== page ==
Connecting state and local government leaders
Efforts by Los Angeles' controller to open up city fiscal data took on an added dimension when Covid-19 hit.
Los Angeles Controller Ron Galperin says that by the time he arrived on the job as the city's chief taxpayer watchdog he'd developed something of an obsession with where L.A.'s revenues came from and how they were being spent.
Wanting to understand why the city at times didn't have the money for certain priorities was one factor driving this interest, explained Galperin, who worked as an attorney, small business owner and journalist before being elected to his post in 2013. "I ran for controller because I believed that we had to run our city much more effectively and that data was a key," he said during a recent virtual conference held by the National League of Cities.
One of his priorities since taking office has been opening up the city's financial data so that it's available online for residents and city staff and officials to easily access and scrutinize.
This work took on a new dimension as Los Angeles, a city of nearly 4 million residents, began spending millions of dollars responding to the coronavirus over the past two years and as it is in line to receive a total of nearly $2 billion in direct, federal pandemic aid.
"Data in and of itself does not transform government but I believe that it is a necessary prerequisite, and I also see the openness that we have sought to achieve as critical as well," he said. "What I wanted to do was to create dashboards that tracked the Covid-related spending and the tremendous influx of federal dollars."
The city's Covid-19 spending tracker as of late November was showing about $1.1 billion in total expenses, including costs like staffing, overtime and supplies. Those inclined to do so can dig down deeper in the numbers, looking at costs for departments, programs and information on specific appropriations.
"It was very important for me to put it all out there for everybody to see," Galperin said.
He explained that it's not just curious residents who turn to the tools his office has created, but also city council members and their staff, along with the mayor's office. He said that these offerings have cut down on public records requests, by making information about the city's financial affairs more readily accessible.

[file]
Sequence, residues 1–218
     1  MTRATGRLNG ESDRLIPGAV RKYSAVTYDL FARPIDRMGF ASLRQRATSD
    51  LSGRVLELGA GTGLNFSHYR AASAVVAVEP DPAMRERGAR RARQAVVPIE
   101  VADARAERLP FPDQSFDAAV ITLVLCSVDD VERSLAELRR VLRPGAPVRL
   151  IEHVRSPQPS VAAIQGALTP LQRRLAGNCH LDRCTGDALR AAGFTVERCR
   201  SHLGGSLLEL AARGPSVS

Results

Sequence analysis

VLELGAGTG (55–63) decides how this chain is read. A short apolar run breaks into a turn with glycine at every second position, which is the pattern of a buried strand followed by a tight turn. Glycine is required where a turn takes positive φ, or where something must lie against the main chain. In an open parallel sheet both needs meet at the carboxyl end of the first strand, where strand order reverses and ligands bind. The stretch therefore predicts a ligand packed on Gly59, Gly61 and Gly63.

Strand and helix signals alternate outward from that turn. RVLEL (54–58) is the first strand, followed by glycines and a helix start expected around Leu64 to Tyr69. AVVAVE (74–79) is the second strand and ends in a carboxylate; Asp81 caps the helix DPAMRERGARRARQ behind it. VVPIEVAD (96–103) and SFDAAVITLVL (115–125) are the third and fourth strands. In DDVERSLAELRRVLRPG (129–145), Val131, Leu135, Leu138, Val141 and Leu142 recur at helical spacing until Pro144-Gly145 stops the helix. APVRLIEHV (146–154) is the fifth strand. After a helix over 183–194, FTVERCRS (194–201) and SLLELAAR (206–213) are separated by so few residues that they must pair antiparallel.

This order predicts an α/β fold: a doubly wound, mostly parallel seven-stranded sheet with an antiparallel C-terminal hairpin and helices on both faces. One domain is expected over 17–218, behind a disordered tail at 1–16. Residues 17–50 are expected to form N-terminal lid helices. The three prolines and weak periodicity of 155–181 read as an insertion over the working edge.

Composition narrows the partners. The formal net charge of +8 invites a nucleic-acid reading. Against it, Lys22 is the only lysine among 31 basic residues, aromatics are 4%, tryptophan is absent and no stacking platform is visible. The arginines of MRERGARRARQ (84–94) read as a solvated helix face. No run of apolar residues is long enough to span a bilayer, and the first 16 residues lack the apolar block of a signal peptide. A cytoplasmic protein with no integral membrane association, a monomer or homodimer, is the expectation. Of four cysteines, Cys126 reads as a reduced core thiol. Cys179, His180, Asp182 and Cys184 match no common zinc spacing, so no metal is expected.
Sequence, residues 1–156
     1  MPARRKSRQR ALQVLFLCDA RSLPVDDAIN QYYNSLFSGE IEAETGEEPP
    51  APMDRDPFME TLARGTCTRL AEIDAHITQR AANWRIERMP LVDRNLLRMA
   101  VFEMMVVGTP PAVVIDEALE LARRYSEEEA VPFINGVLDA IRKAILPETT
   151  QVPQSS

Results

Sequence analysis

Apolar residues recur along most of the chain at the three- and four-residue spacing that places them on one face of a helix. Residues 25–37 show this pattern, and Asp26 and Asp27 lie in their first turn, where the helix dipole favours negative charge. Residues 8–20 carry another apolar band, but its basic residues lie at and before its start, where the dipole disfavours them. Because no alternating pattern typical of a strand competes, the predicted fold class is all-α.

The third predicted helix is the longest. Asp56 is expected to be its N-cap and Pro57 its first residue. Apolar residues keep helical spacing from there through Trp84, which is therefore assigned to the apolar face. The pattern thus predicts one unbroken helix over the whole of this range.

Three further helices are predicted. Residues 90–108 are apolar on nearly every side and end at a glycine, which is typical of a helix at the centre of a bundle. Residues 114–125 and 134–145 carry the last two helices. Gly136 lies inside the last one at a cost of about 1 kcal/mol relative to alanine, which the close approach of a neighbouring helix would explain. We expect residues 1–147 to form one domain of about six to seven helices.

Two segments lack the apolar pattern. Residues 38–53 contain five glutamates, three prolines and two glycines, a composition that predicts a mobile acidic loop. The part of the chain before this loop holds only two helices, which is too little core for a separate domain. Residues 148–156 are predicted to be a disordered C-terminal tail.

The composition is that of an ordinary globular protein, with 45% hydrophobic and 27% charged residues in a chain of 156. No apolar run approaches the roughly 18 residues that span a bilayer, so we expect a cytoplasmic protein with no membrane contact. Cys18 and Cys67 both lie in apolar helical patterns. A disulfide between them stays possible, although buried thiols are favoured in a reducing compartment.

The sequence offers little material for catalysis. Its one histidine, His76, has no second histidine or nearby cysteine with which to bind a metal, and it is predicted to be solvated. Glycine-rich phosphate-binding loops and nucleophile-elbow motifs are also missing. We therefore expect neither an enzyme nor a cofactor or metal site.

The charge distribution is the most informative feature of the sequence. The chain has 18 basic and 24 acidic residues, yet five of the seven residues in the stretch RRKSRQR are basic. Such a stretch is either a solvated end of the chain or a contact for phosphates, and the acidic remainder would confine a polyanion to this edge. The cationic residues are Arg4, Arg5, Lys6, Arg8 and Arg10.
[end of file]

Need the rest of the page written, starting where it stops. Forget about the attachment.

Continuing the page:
While Los Angeles is not the only local government to have created online dashboards to track Covid dollars and other spending, the work by Galperin's office is notable given the city's size and the amount of federal aid it is receiving. Los Angeles is among the top city recipients under the state and local direct aid program in the American Rescue Plan Act, with about $1.2 billion headed its way. That's in addition to nearly $700 million in earlier CARES Act funding.
There's a lot of federal money set to gush towards the state and local level under ARPA, the infrastructure bill and possibly Democrats' massive spending package if it clears Congress. So, it's perhaps a good time for cities, and other local governments and states, to consider how much light they shed on their spending and if residents have a straightforward option to access and understand this information.
One benefit with getting this right is that it can help to build trust with residents that money is being spent wisely. An added upside is that it gives more people and groups an opportunity to put eyes on the numbers and look for things that may seem off.
"It is impossible to audit everything. It is impossible to delve into and research absolutely every expenditure," Galperin said.
But he noted that Los Angeles has a very active community of advocates on different issues who help to fill in the gaps here. "Believe me, they're watching. And that's fine by me. They are participating in being watchdogs," he said, "and hopefully adding their perspective and helping to move us in a better direction."
Galperin's office has also taken to maintaining an equity index, which offers users insights into how variables like rent burdens, poverty and pollution vary across different parts of the city. Galperin described this as a very useful tool to help guide decision making in city government.
"The data is not the end in itself," he added. "It to me is merely a means to a much greater end, which is: How do we make people's lives better? How do we use the resources that we have well?"
Bill Lucia is a senior editor for Route Fifty and is based in Olympia, Washington.